# Closed form for an orthogonal polynomial integral?

The following integral came up in one of my applications:

$\int_{-1}^1P_n(x)T_j(x)T_k(x)\mathrm{d}x$

where $P_n(x)$ is a Legendre polynomial, $T_k(x)$ is a Chebyshev polynomial, and $j$, $k$, and $n$ are nonnegative integers.

I want to ask if there might be a closed-form representation for this integral. I have a feeling it will involve gamma functions and Pochhammer symbols, but I seem to be unable to figure out how to proceed.

Alternatively, since I am aware that Legendre polynomials can be expressed as a linear combination of Chebyshev polynomials, it might be easier to instead simplify the integral

$\int_{-1}^1T_n(x)T_j(x)T_k(x)\mathrm{d}x$

or in trigonometric form

$\int_{0}^{\pi}\cos(n\theta)\cos(j\theta)\cos(k\theta)\sin(\theta)\mathrm{d}\theta$

but I do not know of any closed form for this either.

I have already tried looking in Abramowitz and Stegun, the DLMF, Gradshteyn and Ryzhik, and the Wolfram functions site to no avail.

(edit:

I had neglected to exploit the identity

$T_j(x)T_k(x)=\frac1{2}\left(T_{j+k}(x)+T_{j-k}(x)\right)$

when I first formulated my question. I now amend my question to asking for a closed form for

$\int_{-1}^1P_n(x)T_j(x)\mathrm{d}x$

of which the only fact I know about it is that it is 0 if $j<n$ by virtue of the orthogonality of the Legendre polynomial.)

• The integral of a product of sines and cosines can always be evaluated; one just writes each factor as a sum of complex exponentials and expands. Alternately, repeatedly apply the product-to-sum formula. Jul 27, 2010 at 5:32
• Well, playing around with it in Mathematica, there seems to be no trouble evaluating it exactly as long as n, j, and k are given specific values. What I'm curious about is if there is a simpler closed-form. Even better I suppose would be nice papers/references. There also seems to be nothing on this in Szego's or Chihara's books. Jul 27, 2010 at 5:41
• What I described will get you a very simple closed form, which maybe splits into a few cases. Have you tried it? Jul 27, 2010 at 5:53
• @JM: Qiaochu says that your final, purely trigonometric integral, obviously has a simple closed evaluation; see product-to-sum identities on en.wikipedia.org/wiki/List_of_trigonometric_identities. What I can't inderstand is your reduction from the integral involving $P_n$ to Chebyshev's triple: even if the latter has a closed form, this is not sufficient for having a closed form for the former. In fact, I doubt that your starting integral, say $I(n,j,k)$, has a closed form evaluation (and this is not hard by constructing a recursion for $I(n,n,n)$, say, using gfun in MAPLE). Jul 27, 2010 at 7:18
• @Qiaochu: Your hint actually became useful to me, but probably not in the way you intended: I had neglected to exploit the following property of the Chebyshev polynomials $T_j(x)T_k(x)=\frac1{2}\left(T_{j+k}(x)+T_{j-k}(x)\right)$ which of course follows from the product to sum identities for the cosine. I will have to amend my question to asking about the closed form of the integral of the product of a Chebyshev and Legendre polynomial. Jul 27, 2010 at 9:07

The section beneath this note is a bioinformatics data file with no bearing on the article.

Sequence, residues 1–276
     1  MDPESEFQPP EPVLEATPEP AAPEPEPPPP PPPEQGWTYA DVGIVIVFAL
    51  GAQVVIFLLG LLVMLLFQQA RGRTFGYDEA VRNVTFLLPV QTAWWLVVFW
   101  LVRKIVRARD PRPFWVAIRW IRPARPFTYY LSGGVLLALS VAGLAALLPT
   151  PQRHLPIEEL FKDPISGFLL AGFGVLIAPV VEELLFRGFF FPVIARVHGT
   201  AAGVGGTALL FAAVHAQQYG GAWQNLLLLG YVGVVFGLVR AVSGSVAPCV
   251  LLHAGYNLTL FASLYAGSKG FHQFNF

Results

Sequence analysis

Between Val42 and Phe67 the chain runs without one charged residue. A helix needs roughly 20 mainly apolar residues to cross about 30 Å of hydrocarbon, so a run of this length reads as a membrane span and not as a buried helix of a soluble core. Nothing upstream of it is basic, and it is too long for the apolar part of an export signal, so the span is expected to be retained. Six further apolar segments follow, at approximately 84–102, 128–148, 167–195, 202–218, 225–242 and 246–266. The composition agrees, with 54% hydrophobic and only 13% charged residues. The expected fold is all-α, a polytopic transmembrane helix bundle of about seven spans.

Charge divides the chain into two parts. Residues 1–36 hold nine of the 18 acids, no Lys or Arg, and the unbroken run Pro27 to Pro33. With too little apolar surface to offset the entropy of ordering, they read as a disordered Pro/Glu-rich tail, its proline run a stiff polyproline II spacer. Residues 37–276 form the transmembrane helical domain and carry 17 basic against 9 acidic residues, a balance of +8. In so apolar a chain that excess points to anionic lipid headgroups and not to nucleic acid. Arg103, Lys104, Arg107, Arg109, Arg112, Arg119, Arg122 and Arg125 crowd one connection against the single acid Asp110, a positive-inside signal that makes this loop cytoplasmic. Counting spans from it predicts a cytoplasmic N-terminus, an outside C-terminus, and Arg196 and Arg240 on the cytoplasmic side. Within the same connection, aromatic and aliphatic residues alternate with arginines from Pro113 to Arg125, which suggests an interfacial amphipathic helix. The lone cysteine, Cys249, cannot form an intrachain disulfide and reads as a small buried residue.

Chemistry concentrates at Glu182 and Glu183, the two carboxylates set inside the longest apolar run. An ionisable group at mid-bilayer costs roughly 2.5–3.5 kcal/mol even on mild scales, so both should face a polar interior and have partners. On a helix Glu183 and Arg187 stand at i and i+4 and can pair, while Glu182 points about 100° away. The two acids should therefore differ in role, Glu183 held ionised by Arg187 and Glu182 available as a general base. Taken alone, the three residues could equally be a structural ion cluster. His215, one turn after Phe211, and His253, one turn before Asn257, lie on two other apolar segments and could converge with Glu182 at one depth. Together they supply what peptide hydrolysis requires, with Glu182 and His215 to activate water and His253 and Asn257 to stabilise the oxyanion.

It turns out the identities I needed for resolving

$$\int_{-1}^1P_n(x)T_j(x)\mathrm{d}x$$

into a closed form was well-hidden in Abramowitz and Stegun and Gradshteyn and Ryzhik.

As I had mentioned in the edit to my original question, the integral is 0 if $$j by virtue of the orthogonality property of the Legendre polynomials.

I now considered the following integral:

$$\int_{-1}^1P_n(x)T_{n+k}(x)\mathrm{d}x\quad k\geq0$$

To dispose of an elementary case first, I noted that $$P_n(x)T_{n+k}(x)$$ is an odd function iff $$k$$ is odd and even iff $$k$$ is even; the integral is therefore 0 for odd $$k$$.

The even $$k$$ case I had solved by making use of two identities: this series representation for $$T_{n}(x)$$ (also in Abramowitz and Stegun as 22.3.6), and an integral I derived from a more general form in Gradshteyn and Ryzhik:

$$\int_0^1x^{n+2\rho}P_n(x)\mathrm{d}x=\frac{\left(2\rho+1\right)_n}{2^{n+1}\left(\rho+\frac1{2}\right)_{n+1}}$$

where $$\left(a\right)_n$$ is the Pochhammer symbol. (The identity actually listed in G&R was an integral for a Gegenbauer (ultraspherical) polynomial, of which the Legendre polynomial is a special case.)

I only needed to retain terms in the series greater than or equal to $$n$$, again due to orthogonality of the Legendre polynomial. Applying the integral formula to each term (with an additional factor of 2 because the integrand is even), and feeding the resulting sum to Mathematica netted the following closed form:

$$\int_{-1}^1P_n(x)T_{n+2k}(x)\mathrm{d}x=-\frac1{4}\frac{\left(n+2k\right)\Gamma\left(n+k\right)\Gamma\left(k-\frac1{2}\right)}{\Gamma\left(k+1\right)\Gamma\left(n+k+\frac{3}{2}\right)}$$

(The original result returned by Mathematica 5.2 had nasty cosecant factors, which I disposed of using the reflection formula for the gamma function).

This can then be applied to the original integral with the three polynomials by exploiting the product-sum identity for the Chebyshev polynomial.

• "The identities I needed were well-hidden in Abramowitz and Stegun and Gradshteyn and Ryzhik" - as is so often the case. Sep 14, 2012 at 8:55